|Tencent||198||54||2,219||1,040||360||Computing and software||CN||Asia|
|Dominion Harbor||231||-43||1,922||108||5||Other||US||North America|
|Crestline Direct Finance||282||-49||1,553||214||0||Financial institution||US||North America|
|Jefferies Financial||268||-61||1,654||133||38||Financial institution||US||North America|
|Fila Holdings||270||-73||1,646||77||30||Consumer goods||KR||Asia|
Similarly, there were no significant transactions involving an outflow of assets for Stats Chippac (down 63) or, to a lesser extent, E Ink (down 56). In fact, throughout June 2020, Stats Chippac recovered the portfolios of some 1,800-plus assets that it had previously leveraged with Citigroup back in 2015. Despite this, it held 20% fewer grants year on year. For its part, E Ink held 11% fewer grants than last year.
Unlike AGC, the application holdings for Stats Chippac and E Ink were down significantly (40% and 34% respectively) and may reflect hyper-competitive semiconductor and electronics spaces. When combined with global economic and pandemic-related pressures, Stats Chippac and E Ink may be exploring more aggressive cost containment measures.
Although the positions of both Ingersoll Rand (down 102) and Novartis (down 99) dropped significantly, their story is different.
In the first quarter of 2020, Gardner-Denver completed the acquisition of Ingersoll Rand’s industrial business division and assumed the Ingersoll Rand corporate identity. The balance of the former Ingersoll Rand business was renamed Trane Technologies Inc and focuses on building management systems. The reorganisation resulted in the newly reformed Ingersoll Rand holding 27% fewer grants and 44% fewer applications. For its part, the new Trane Technologies Inc never made it onto the list.
Novartis also reorganised and spun out its eyecare business in the form of Alcon. As a result, Novartis held 33% fewer grants and 15% fewer applications this year, dropping into the bottom third of the list. Alcon holds a handful more patents than its former parent and sits a few spots ahead at 260th. The combined assets of Alcon and Novartis was 36% greater for 2020 than 2019, implying that innovation is strong and that both are positioned well for 2021.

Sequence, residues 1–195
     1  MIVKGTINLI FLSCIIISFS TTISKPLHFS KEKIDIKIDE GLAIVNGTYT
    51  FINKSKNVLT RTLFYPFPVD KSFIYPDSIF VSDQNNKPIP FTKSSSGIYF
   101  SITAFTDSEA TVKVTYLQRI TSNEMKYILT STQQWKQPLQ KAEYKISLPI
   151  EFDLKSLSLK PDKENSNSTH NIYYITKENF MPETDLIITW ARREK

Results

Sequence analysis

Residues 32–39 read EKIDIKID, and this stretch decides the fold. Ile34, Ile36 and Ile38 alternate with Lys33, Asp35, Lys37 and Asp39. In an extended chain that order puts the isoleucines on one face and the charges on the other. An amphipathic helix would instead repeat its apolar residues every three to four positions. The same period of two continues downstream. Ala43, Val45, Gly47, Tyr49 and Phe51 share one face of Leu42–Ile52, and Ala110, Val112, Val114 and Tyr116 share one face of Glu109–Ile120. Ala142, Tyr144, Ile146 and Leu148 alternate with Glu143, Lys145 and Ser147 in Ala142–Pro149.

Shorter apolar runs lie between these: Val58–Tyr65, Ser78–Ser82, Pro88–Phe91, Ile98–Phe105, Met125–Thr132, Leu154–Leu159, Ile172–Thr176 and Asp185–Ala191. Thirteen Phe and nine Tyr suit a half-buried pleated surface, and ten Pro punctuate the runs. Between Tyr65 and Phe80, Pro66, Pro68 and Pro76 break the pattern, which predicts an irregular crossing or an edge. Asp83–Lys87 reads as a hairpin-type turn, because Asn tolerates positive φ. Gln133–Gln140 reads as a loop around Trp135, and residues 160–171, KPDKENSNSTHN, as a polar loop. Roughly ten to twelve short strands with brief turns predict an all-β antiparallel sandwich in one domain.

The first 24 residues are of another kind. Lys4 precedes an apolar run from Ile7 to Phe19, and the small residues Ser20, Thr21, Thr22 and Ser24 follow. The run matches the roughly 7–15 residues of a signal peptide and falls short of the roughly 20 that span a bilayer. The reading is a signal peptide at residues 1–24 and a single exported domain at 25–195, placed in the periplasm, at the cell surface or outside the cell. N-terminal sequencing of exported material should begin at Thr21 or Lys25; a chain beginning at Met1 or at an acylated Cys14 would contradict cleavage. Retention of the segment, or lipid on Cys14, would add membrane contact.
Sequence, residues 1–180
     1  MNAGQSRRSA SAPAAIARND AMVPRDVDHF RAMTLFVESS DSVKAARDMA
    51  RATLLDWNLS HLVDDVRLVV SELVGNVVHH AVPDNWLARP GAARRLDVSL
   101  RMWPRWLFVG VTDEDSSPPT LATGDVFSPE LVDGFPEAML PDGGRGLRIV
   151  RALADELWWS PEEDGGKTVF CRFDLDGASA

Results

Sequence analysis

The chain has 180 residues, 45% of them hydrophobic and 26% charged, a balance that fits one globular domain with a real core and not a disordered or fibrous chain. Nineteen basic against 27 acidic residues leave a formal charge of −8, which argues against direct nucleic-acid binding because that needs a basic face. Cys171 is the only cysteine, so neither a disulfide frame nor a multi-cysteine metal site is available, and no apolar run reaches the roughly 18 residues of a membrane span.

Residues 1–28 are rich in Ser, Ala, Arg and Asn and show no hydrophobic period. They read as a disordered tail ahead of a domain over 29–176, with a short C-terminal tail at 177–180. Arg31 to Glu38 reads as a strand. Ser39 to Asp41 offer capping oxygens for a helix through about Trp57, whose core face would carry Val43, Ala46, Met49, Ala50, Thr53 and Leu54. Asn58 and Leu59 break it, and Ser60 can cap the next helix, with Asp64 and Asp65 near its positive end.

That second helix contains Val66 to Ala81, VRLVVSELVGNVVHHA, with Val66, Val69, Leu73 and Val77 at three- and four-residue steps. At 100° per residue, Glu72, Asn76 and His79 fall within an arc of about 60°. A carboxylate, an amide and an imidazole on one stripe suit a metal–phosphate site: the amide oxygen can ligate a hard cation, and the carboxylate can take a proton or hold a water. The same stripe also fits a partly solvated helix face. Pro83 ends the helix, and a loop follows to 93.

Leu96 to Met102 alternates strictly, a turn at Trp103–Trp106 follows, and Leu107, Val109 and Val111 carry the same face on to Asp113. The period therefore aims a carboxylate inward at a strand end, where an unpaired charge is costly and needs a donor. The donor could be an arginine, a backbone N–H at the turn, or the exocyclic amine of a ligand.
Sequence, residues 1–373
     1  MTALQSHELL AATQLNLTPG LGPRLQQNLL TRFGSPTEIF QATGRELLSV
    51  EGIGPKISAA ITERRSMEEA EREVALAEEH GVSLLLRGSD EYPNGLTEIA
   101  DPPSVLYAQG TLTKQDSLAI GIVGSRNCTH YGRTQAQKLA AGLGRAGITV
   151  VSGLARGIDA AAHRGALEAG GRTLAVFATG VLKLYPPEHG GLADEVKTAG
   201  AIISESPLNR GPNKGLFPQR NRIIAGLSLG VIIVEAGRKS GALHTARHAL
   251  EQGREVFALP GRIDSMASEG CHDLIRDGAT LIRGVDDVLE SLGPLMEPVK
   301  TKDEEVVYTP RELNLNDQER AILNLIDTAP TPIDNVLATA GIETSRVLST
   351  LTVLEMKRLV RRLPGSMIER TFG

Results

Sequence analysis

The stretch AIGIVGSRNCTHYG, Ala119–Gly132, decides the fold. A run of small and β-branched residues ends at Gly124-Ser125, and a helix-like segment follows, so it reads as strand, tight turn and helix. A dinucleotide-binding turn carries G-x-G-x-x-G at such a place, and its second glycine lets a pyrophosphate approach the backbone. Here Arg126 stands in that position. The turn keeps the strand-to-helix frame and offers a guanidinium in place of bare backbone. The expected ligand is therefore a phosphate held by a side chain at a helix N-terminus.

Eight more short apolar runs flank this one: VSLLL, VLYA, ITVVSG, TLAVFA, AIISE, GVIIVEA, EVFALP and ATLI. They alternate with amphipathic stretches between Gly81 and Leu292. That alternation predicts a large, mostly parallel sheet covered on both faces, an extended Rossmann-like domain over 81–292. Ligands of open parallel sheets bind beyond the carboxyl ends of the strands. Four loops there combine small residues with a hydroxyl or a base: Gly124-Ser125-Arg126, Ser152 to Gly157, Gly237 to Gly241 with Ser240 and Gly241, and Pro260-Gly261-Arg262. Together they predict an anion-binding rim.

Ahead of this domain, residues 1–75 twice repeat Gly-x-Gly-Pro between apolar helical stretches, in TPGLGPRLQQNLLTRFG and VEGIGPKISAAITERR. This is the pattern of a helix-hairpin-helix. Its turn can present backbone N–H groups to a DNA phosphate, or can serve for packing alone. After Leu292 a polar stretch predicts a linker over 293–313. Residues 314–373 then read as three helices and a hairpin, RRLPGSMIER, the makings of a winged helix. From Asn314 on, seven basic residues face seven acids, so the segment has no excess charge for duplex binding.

Other notable movers
Jefferies Group (down 61)
In 2020 the number of patents Jefferies held as collateral dropped by 15%, yet at the same time, its applications grew by 13%. This may reflect the cycle rather than any shift in strategy, whereby transactions are currently flowing out from Jefferies. The expectation is that the outflux will reverse, with a quick peek at preliminary January 2021 data suggesting that this is already the case.
Crestline Direct Finance (down 49)
This is another financial entity engaged in IP transactions. In this case, Crestline assigned back part of a large tranche of assets that Empire Technology had leveraged in late 2018.
Conversant (down 39) and Dominion Harbor (down 43)
These NPEs manage large portfolios – the former in wireless and semiconductors, and the latter in imaging, as well as other sectors. Both have struck deals with operating companies to build patent arsenals that extend into the thousands. They acquired assets in 2020 but not in sufficient numbers to offset grants that expired due to fees, age or strategic culling.
In the course of the year Conversant concluded a significant licensing deal with RPX for its wireless portfolio, while CEO Boris Teksler indicated that the company was now looking to focus its monetisation efforts on the chip sector.
In Dominion’s case, CEO David Pridham told IAM late last year that it had spent 2020 mining opportunities in its existing asset base and looking to raise new capital.